‘We’ve got essentially two-and-a-half weeks to turn everything around,’ says one Trump staffer.
President Donald Trump has far more than three years left in his first term. But inside his pressure-cooker of a White House, aides and advisers are sweating the next three weeks.
The symbolic 100-day mark by which modern presidents are judged menaces for an image-obsessed chief executive whose opening sprint has been marred by legislative stumbles, legal setbacks, senior staff kneecapping one another, the resignation of his national security adviser and near-daily headlines and headaches about links to Russia.
The date, April 29, hangs over the West Wing like the sword of Damocles as the unofficial deadline to find their footing— or else.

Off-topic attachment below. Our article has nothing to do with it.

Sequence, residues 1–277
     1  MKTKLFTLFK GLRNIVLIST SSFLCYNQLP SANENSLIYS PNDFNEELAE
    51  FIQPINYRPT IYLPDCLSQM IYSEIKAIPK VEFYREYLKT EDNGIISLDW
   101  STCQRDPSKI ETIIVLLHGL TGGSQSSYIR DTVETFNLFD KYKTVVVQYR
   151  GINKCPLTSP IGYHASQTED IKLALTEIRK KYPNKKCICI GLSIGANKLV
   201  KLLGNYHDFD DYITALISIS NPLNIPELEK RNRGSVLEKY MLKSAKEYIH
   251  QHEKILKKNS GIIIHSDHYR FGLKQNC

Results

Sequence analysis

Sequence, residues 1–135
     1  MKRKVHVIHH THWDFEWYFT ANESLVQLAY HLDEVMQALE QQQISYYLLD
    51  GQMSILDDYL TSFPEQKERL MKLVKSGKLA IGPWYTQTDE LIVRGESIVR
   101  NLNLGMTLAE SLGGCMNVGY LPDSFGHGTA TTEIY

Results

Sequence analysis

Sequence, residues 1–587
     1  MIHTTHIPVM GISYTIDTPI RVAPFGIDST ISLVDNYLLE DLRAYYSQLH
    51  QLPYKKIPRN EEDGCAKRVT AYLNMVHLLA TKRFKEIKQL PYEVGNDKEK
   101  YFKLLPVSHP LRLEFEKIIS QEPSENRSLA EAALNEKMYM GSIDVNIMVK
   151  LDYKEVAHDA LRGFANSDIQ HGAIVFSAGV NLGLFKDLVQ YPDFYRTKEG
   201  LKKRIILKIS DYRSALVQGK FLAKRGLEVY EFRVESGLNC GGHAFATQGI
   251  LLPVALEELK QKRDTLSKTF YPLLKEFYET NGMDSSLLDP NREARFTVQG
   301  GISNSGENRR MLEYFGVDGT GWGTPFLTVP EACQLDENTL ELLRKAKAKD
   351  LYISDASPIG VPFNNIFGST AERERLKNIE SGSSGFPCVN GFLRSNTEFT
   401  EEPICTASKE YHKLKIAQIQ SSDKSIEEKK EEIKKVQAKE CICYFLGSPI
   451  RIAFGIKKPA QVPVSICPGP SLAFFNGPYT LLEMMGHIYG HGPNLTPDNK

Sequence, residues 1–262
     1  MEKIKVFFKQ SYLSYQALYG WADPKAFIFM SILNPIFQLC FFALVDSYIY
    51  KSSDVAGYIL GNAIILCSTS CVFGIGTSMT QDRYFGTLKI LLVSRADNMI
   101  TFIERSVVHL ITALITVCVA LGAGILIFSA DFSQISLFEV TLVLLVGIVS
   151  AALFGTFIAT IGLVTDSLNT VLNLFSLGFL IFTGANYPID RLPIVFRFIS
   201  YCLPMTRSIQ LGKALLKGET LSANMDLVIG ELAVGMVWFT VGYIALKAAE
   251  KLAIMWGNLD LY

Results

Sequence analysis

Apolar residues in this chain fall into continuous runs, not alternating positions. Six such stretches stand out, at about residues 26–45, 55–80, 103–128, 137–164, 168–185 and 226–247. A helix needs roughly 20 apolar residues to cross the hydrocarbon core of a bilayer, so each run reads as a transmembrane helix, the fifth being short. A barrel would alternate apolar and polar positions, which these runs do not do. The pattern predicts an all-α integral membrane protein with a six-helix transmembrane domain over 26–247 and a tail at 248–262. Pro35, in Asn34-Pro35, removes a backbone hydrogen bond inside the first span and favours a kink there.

But however real Trump’s frustrations are with the three rival power centers he has installed — chief of staff Reince Priebus, son-in-law Jared Kushner and chief strategist Stephen Bannon — top officials inside and around the White House don’t expect Trump to make any drastic changes until after 100 days, lest staff turmoil stories swamp a key stretch of media coverage.
That reprieve — unless Trump simply decides he’s had enough — has both bought his staff a little time and put them on edge.
“One hundred days is the marker, and we’ve got essentially two-and-a-half weeks to turn everything around,” said one White House official. “This is going to be a monumental task.”
For a president who often begins and ends his days imbibing cable news, the burden has fallen heavily on a press team that recognizes how well they sell Trump’s early tenure in the media will likely color the president’s appetite for an internal shake-up.
That was the backdrop for a tense planning session for the 100-day mark last week.